“I’m sorry,” Hector said to Kerrel.  “That was out of line.”  He sighed as he stared at the map of the Duchy… and considered the areas where he didn’t know enough to put a peg.  “What do you think about Countess Darkriver?” Hector asked.

Kerrel sighed, “I would say that holding two companies of hers as hostage to her good behavior would be enough, but I’m not certain anymore.”  She shrugged, “She has no way to contact them, not since you locked down on passage to and from the Lonely Isle, but she’s a hard one to read.”

Hector nodded, “And she’s capable enough of risking her people.  If she thinks signing on with Katarina will swing this civil war to a close before I can have her people killed in response… or that I would hesitate to do so, then she might do it.”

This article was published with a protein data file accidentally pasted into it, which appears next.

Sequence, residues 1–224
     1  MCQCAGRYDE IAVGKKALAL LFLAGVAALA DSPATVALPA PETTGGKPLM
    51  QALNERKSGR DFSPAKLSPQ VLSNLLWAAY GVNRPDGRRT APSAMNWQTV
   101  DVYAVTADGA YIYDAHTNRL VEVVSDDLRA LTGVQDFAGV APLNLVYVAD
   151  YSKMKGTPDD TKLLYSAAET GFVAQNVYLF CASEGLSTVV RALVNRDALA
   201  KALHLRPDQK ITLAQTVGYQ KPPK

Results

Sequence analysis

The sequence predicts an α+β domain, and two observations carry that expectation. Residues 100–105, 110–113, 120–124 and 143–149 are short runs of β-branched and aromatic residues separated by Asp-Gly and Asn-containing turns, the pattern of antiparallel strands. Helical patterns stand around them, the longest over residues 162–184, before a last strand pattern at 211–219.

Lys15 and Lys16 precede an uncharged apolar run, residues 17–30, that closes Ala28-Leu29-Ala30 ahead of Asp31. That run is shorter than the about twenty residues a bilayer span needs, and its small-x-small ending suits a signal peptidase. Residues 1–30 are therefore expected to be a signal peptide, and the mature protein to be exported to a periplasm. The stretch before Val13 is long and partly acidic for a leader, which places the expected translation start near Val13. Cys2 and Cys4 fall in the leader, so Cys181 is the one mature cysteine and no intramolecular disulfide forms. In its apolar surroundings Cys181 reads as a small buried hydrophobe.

“Would you kill them?” Kerrel asked

Hector sighed, “To set an example?  I wouldn’t hesitate.  I know you trained with them, I know you served with them.  Andoral’s black balls, I know they saved my ass when the Vendakar mercenaries betrayed me… but if they turn to Katarina’s side I will have their officers executed and their enlisted men hung.” Hector shrugged, “I cannot allow any of my men to think that I will tolerate rebellion… or that I won’t punish disloyalty.”

“And Covle Darkbit?” Kerrel asked in an echo of Hector’s earlier thoughts.

“I should have strung him up,” Hector shrugged.  “But now he’s the only commander left south of here.  Which means when the spring comes, I’ll have to move my forces north.”

“You’re abandoning Castle Ember?” Kerrel asked in surprise.